As she puts it: "We are prone to over- or underestimate things based on socially desirable perceptions or current emotions. For instance, few of us love the routine aspects of housework . . . So if someone asks us how much time we spend on such things, we overestimate — by something on the order of 100 percent for both men and women — compared to the actual numbers recorded in time diaries."
Read on for more.
In fact, people are so bad at estimating how much time they spend doing things after the fact that their overestimates can lead them to say that their weeks add up to 180 hours — or even more than 200 hours.
Here's how I kicked my time-wasting tendencies in just a few days — and how you can send your own bad habits packing.
1. Get Honest With Yourself
Your Task: Start logging your time.
What I Did: I didn't do an exhaustive search of time-logging apps, but I chose two that did the trick. One was Toggl, which allows you to state what you're doing, and hit "start" and "stop" buttons to log how much time you spend on each activity. I also used RescueTime, an app that logs your activity on your computer, so if I forgot to note what I was doing in Toggl, RescueTime could always watch what I was doing. Whatever apps you choose, make sure that they help you analyze how you're spending your time.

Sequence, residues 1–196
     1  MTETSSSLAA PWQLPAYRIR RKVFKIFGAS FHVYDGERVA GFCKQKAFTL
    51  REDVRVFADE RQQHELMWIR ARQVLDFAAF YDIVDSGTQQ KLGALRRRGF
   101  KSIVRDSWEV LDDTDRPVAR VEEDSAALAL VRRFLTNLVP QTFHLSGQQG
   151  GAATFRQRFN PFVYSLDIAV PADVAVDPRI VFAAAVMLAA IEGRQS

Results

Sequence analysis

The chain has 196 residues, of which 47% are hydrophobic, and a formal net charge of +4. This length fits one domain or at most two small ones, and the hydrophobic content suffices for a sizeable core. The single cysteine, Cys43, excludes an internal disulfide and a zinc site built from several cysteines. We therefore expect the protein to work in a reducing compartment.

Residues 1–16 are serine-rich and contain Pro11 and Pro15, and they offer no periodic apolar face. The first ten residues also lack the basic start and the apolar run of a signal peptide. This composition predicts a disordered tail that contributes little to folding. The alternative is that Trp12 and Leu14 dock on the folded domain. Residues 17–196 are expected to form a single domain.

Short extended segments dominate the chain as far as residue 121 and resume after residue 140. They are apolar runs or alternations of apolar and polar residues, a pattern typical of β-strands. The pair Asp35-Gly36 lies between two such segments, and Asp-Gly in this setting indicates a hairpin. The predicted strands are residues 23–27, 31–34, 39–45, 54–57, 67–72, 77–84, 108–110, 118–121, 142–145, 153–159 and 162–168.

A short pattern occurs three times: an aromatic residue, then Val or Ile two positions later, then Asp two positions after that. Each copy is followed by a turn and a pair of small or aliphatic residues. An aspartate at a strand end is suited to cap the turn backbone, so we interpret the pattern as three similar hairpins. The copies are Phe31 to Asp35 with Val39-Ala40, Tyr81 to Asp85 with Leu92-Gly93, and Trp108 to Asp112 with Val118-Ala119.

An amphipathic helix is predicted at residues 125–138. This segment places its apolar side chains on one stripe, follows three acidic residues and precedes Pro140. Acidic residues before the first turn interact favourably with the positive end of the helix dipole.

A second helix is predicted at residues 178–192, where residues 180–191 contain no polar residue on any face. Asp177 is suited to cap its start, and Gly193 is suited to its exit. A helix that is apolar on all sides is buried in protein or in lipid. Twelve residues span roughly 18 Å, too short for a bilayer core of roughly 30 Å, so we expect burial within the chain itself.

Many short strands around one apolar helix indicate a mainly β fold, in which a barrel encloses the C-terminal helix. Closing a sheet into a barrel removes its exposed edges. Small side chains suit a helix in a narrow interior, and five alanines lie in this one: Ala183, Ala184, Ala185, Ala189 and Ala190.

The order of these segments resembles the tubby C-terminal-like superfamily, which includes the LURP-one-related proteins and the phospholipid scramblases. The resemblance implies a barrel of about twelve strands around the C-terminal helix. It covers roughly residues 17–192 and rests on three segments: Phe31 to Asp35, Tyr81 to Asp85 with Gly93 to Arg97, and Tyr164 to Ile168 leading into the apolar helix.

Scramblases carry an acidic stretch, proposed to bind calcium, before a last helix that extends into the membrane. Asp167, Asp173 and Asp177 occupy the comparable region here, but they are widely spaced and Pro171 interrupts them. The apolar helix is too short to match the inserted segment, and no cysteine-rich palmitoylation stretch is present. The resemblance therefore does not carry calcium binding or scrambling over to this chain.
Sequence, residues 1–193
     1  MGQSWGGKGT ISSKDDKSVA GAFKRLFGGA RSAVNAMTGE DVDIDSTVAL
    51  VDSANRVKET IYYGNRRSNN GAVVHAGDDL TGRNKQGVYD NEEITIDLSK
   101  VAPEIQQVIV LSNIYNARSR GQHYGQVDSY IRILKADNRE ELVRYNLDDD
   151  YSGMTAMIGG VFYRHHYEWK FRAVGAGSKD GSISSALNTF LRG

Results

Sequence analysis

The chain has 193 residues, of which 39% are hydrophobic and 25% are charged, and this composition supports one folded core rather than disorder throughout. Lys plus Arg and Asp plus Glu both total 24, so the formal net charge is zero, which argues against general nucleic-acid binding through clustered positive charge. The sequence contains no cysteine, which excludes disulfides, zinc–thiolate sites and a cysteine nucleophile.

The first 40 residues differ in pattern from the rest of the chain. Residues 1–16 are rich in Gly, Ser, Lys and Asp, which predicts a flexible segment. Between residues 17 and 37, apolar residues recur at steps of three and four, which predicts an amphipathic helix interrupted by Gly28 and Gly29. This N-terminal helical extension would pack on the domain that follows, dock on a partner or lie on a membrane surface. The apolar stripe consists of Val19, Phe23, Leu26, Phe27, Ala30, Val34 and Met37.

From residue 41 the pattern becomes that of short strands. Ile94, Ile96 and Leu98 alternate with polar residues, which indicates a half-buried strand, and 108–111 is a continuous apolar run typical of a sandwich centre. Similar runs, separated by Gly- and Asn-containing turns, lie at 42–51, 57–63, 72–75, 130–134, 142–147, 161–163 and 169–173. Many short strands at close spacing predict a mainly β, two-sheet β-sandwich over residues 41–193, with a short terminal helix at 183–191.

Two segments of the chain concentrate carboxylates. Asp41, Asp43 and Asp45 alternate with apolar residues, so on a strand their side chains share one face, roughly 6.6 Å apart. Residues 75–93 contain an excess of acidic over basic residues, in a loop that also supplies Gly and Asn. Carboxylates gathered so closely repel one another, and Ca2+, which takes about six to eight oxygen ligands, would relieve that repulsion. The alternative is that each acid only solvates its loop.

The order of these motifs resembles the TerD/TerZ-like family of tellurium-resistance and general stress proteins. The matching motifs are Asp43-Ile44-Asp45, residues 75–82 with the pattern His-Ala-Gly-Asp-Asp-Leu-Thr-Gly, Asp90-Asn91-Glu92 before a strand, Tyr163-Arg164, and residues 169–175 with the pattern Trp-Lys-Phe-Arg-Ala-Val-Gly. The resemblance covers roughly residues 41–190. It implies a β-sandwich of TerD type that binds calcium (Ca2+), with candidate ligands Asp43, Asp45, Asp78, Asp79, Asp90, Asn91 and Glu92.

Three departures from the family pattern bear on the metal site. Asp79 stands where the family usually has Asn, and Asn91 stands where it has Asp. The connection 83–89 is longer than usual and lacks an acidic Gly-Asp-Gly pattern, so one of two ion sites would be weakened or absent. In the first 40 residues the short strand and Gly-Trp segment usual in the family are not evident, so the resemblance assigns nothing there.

What I Found: Just asking myself to log how I was spending my time made me much more conscious of not wasting it. By telling Toggl that I was going to clean up, I stayed focused on the task, instead of getting distracted with checking email. And I was happy to discover through RescueTime that, when I'm at work, I spent the vast majority of my time on what the app calls "very productive" activities.
As for my biggest problem — wasting time on my iPhone — I decided that I'd tell my Toggl timer that I was working on "sleep" at bedtime, and then kept my iPhone away from my bed. If I had insomnia, I could read the magazines that I never seemed to have time to read!